From Accidental Entrepreneur to a $2.5M raise, with Cycle Labs' Josh Owen

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From Accidental Entrepreneur to a $2.5M raise, with Cycle Labs' Josh Owen

Entrepreneurship might lead to financial success, but that should never be a founder’s sole objective, and Josh Owen knows that.

Josh co-founded Cycle Labs, a continuous software test automation platform, to solve a problem he found while working in supply chain management: an engineer needed to be available at all times to resolve warehouse issues, which could lead to 80-hour work weeks and some serious burnout.

“After three years of doing this,” Josh said, “I was just kind of like, ‘I'm gonna die young if I don't find a different profession,’ so I just quit.”

His coworker, and friend, did the same, knowing that they were young enough to create a new career path. The two became consultants in the same field, but they were happy to be successfully working for themselves. 

Eventually, they needed some help. They brought on another employee to help them with their workload, but they brought a client with them, too, which required another employee and then another.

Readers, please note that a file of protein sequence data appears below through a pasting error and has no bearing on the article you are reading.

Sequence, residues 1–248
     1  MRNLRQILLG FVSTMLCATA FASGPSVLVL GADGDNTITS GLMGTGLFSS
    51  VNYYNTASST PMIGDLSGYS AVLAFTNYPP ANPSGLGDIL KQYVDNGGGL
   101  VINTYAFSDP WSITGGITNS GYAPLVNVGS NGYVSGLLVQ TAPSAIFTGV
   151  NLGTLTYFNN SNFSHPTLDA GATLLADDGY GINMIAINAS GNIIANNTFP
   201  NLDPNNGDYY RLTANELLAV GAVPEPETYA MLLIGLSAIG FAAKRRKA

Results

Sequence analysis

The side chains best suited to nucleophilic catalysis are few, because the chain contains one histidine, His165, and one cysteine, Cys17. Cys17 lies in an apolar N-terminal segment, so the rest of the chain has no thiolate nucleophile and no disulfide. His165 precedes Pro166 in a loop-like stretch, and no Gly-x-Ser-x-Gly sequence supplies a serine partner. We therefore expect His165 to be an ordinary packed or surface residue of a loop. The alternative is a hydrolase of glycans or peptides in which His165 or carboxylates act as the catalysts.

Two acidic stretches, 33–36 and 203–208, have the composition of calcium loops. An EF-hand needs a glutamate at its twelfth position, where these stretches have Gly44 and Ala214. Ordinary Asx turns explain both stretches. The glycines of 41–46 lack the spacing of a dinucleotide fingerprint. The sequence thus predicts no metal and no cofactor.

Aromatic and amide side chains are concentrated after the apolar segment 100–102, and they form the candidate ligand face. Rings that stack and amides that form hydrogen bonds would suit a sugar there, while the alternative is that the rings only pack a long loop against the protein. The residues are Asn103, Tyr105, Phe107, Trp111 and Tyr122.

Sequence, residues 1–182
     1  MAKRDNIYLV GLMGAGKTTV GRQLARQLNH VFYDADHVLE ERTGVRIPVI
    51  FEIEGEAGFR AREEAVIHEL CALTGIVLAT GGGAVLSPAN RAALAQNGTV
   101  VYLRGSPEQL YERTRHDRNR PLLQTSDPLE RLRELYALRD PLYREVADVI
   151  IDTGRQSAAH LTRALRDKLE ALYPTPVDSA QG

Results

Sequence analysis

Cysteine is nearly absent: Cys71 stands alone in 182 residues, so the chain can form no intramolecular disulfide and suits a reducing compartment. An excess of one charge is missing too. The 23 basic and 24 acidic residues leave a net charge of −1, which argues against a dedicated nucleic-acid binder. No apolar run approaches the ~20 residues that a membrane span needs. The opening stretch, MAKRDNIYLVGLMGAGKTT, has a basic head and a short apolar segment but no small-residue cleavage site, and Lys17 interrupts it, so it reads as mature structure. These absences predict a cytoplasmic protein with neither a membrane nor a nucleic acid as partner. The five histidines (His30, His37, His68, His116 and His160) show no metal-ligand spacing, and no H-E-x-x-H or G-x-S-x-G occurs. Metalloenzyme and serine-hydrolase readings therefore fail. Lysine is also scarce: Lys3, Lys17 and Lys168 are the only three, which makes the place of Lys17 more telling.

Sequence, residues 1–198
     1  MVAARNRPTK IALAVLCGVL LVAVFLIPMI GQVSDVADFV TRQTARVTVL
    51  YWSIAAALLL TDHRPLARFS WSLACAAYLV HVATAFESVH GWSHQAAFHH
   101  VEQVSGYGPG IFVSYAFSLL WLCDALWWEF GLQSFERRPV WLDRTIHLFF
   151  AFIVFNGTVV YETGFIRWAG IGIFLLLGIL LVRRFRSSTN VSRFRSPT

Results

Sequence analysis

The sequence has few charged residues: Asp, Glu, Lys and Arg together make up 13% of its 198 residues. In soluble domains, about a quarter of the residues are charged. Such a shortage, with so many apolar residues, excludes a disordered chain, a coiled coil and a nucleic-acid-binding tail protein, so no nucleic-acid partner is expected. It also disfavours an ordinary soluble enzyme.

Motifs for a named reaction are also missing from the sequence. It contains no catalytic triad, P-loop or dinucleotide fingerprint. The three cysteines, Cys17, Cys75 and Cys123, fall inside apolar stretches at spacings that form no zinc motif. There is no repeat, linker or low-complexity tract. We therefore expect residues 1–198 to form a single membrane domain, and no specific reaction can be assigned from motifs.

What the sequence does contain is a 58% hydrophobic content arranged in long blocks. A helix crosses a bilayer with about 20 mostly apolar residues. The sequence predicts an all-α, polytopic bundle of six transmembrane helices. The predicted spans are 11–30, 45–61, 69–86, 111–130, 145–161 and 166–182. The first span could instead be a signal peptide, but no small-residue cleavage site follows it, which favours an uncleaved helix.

“We found ourselves in this snowball effect where we were growing just naturally by relationships that came with the employees that we were hiring,” Josh said. 

Because of this, Josh considers his entrepreneurship journey to be a happy accident—but not all the moments along the way were happy. After a few years, 16 employees and recruiting his former boss to buy-in to the business, they reached a crossroads. The three stakeholders had two choices: to stay comfortable by keeping things as they were, or to make things bigger.

“We were just doing the same thing that we had left the former job to avoid doing, but I think we were doing it better,” Josh said. “That being said, there was still complexity. And so, I'm sure like every consulting firm that's ever existed, we said to each other at some point, ‘Hey, wouldn’t it be cool if we built some of our own software?’”

If they had their own software, they could control their own destiny and break the cycle. After talking with some mentors, they decided to get started. 

First, they needed to identify the internal problems their clients needed help solving, so they brought them all together in a hotel conference room in Memphis, T.N.

“We came away with a couple ideas to work on,” Josh said, “and we very quickly realized how difficult and expensive it is to build enterprise software.”

They had to limit their problem solving to what they could afford, and their first concept, known as Cycle, got some traction. And, as it grew, they became Cycle Labs.

To hear what Josh and Cycle Labs are doing now, check out his episode of the Founder Shares podcast, available wherever you like to listen.

The blog content should not be construed as legal advice.

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